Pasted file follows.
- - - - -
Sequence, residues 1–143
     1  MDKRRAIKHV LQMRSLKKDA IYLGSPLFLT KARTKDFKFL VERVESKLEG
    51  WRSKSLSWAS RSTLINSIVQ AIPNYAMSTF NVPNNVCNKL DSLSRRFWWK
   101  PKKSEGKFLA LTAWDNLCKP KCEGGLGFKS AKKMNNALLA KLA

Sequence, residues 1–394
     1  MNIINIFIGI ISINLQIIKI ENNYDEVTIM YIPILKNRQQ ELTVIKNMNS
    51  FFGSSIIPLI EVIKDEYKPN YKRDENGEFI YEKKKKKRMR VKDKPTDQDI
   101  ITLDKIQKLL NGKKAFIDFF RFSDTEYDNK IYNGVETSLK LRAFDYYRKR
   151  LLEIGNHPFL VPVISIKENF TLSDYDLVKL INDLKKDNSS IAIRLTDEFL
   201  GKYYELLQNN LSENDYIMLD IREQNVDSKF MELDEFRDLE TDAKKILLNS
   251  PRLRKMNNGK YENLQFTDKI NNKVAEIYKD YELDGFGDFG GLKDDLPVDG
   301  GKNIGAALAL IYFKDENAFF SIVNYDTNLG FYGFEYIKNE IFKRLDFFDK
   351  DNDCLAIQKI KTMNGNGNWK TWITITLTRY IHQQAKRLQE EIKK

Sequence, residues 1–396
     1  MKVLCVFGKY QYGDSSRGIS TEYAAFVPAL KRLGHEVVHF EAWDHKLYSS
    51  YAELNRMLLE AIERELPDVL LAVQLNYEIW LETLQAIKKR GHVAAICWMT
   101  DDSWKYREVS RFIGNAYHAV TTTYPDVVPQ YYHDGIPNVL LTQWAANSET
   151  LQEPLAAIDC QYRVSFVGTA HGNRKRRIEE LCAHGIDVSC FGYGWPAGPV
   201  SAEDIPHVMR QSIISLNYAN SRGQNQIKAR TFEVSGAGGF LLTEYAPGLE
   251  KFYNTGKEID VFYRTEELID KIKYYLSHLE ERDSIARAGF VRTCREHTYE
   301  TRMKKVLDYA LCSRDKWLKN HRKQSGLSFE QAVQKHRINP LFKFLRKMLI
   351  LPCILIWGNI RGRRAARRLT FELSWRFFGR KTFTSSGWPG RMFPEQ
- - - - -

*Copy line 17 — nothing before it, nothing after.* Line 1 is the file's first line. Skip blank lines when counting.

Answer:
   101  DDSWKYREVS RFIGNAYHAV TTTYPDVVPQ YYHDGIPNVL LTQWAANSET